“I love it when we put in a big lineup,” Reddic said. “We have an advantage when we play with Tre [Graham] at the four. There’s a lot of mismatches. But I think playing big is going to help us out a lot, having those big guys on the frontcourt banging some of the other big guys on the other team, having a huge presence in the post.”

Shannon appeared in 72 games for Florida State and averaged 5.2 points and 3.3 rebounds.

Shannon appeared in 72 games for Florida State and averaged 5.2 points and 3.3 rebounds.

On some level, it seems a little odd, that a player would wear the uniform of the team that dealt him possibly the most heartbreaking defeat of his career, but like most elements of Shaka Smart’s widening VCU Basketball universe, it all comes down to Havoc.

Havoc, Smart’s frenetic basketball paradigm, is a style similar to Florida State’s style as much as Miley Cyrus and Metallica are similar musicians. VCU rarely plays too fast for Smart’s liking, and the Rams’ wide-open attack on both ends of the floor often resembles feeding time at the piranha tank. Under Leonard Hamilton, Florida State is very much a halfcourt team built around length and bruising defense. The Seminoles ranked 208th last year in adjusted tempo, while VCU was 74th.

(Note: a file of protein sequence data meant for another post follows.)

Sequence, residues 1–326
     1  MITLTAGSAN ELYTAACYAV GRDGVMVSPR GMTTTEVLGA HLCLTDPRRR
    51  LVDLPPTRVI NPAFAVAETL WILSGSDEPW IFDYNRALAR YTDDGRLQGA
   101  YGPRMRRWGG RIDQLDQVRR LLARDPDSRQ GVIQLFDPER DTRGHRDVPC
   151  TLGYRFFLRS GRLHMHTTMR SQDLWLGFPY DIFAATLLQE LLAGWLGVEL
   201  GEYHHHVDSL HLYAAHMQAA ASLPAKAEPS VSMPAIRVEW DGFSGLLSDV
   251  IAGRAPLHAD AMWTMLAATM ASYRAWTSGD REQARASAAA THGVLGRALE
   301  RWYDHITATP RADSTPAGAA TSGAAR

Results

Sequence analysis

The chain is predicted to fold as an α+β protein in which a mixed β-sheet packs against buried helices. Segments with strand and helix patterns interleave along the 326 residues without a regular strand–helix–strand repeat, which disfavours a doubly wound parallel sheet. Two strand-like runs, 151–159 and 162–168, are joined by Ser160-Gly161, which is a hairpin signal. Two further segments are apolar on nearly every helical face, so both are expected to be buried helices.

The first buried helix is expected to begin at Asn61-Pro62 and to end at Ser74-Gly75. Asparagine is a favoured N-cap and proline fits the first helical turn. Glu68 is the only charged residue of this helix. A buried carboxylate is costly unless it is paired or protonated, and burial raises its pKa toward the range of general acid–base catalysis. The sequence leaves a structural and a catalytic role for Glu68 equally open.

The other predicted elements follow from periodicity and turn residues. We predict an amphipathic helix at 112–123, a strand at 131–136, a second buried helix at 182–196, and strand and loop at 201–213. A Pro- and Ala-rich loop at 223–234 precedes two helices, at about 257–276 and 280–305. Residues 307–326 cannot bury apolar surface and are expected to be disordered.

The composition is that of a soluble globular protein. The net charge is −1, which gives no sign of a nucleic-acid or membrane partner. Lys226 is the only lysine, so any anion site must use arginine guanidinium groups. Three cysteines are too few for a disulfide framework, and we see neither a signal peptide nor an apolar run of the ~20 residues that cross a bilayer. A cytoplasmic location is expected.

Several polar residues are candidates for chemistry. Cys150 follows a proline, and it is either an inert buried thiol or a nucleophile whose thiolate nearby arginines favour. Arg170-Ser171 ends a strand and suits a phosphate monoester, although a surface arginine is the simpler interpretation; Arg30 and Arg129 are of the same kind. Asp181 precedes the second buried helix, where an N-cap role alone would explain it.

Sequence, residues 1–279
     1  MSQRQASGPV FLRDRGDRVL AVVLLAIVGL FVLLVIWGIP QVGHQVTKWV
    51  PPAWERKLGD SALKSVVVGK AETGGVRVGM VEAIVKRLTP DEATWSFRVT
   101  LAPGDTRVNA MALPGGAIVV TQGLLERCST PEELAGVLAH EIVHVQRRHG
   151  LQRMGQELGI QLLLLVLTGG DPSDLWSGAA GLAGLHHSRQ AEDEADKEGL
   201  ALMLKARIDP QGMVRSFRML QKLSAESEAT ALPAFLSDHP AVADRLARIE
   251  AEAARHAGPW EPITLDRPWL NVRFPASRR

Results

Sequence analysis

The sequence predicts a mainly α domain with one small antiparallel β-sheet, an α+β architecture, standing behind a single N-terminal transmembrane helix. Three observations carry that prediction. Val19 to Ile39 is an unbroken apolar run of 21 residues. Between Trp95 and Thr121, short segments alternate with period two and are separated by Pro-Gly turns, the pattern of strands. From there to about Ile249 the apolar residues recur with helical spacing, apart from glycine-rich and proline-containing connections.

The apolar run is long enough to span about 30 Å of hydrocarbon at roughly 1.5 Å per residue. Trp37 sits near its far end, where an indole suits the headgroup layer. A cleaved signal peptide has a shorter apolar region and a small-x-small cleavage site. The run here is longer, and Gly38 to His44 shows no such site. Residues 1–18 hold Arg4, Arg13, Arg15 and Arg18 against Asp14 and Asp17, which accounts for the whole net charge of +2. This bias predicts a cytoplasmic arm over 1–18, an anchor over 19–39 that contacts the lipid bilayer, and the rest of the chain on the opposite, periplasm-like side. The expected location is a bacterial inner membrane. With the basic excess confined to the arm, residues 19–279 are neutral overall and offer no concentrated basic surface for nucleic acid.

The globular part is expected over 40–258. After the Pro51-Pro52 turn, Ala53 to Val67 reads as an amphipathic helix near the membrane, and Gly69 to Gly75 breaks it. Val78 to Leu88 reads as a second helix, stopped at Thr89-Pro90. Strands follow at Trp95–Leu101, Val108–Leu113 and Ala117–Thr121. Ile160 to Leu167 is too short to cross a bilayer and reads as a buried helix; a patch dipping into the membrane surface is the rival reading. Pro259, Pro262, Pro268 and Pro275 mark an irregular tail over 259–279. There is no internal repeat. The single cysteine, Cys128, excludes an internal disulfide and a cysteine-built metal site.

Shannon says when he was looking to transfer, two factors weighed heavily. He wanted to play at a basketball school, and he wanted to play in an up-tempo system. At VCU, he found both.

“Watching them over the years…I like how they get after it. It’s a lot of scrappy guys. Honestly, that’s my style of play, so I fit in good here,” he said.

But enjoying the Havoc aesthetic and actually becoming an agent of it are very different things. Shannon says when he arrived on campus this summer, he needed to shed 20 pounds he packed on while recovering from a neck injury last season, and needed time to process the way the Rams operate.

“He was like a deer in headlights,” Brandenberg said of Shannon’s first days as a Ram. “Just the pace, from lifting to conditioning working out, even shooting with the graduate assistants, he just wasn’t up to the speed that we like to work out. Obviously that’s how we play, so everything we do we do fast.”

But in time, Shannon says he learned to keep up. He certainly looked comfortable at VCU’s Black and Gold Game on Oct. 13. Shannon was often the best player on the floor that night, scoring 16 points while grabbing seven rebounds and blocking two shots.

“One thing I’ve learned here is you just have to embrace being fatigued, embrace being tired because you’re going to be tired,” Shannon said. “The more you fight through it every day, the more in-shape you’ll get, the better you are, the longer you can withstand it throughout the game.”

In many ways, Shannon sees this season as an opportunity to write a new, shared history that he can also bask in, rather than yearn to forget. Around campus, reminders of that Sweet 16 loss to the Rams in San Antonio are never far away.

“At the same time, it’s motivation,” he said. “I just hope we can match or exceed those expectations.”